Illinois lawmakers pass legislation to cap payday loans, make it easier for those with convictions to get jobs

(The Center Square) – Illinois lawmakers have approved a sweeping bill aimed at narrowing economic disparities affecting Black and brown communities.

The Economic Equity Act was one of 4 pillars that made up the Illinois Legislative Black Caucus’ agenda, and was introduced by Democratic Representative Sonya Harper.

One part of the bill, called the Employee Background Fairness Act, calls for limiting the ability of employers to use a person’s criminal history to deny someone a job unless there is a direct relationship between the conviction and the job.

“Black people with records can’t get a job,” Harper said.

The legislation also included an interest cap on payday loans, diversity requirements in state contracting and purchasing and the removal of lead water pipes in public water systems.

“This pillar is part of the Black Caucus’ agenda to end systemic racism,” Harper said. “In this pillar, we are addressing several different areas such as banking and investment, economic mobility, small business and entrepreneurship, procurement and the Business Enterprise Program, industry-specific equity, housing, land-use gentrification, and pay equity and worker’s rights.”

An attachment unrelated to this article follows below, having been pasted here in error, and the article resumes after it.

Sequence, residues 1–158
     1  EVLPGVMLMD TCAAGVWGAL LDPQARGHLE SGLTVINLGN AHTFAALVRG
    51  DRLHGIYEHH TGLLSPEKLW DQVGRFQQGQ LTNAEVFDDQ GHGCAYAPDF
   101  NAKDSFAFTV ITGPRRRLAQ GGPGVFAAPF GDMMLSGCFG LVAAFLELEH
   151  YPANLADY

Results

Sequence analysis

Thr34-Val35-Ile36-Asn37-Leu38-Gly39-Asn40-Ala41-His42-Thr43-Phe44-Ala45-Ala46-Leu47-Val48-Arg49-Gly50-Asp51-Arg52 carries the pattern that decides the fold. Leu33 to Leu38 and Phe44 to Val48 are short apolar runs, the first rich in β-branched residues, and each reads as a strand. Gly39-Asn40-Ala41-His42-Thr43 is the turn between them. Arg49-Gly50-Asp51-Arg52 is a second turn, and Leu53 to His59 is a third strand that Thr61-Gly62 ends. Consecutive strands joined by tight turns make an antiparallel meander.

Republican state Rep. Deanne Mazzochi said there were too many details left out of the legislation which could lead to future legal issues.

“I am an attorney. I deal with this kind of stuff all the time in terms of loose language and legislative statutes, and I will tell you they can lead to very unjust results,” Mazzochi said.

Republicans argued that despite the good intentions of the Black Caucus, the bill was put together hastily and is seriously flawed. Some say it will lead to costly lawsuits for employers and discourage employers from coming to Illinois.

“Throughout the nation Illinois is known as a judicial hell hole” said Republican state Rep. C.D. Davidsmeyer. “Litigation in the state of Illinois is out of control and the more we can make this concise, the better off we are.”

The bill now goes to Gov. J.B. Pritzker, who is expected to sign it.

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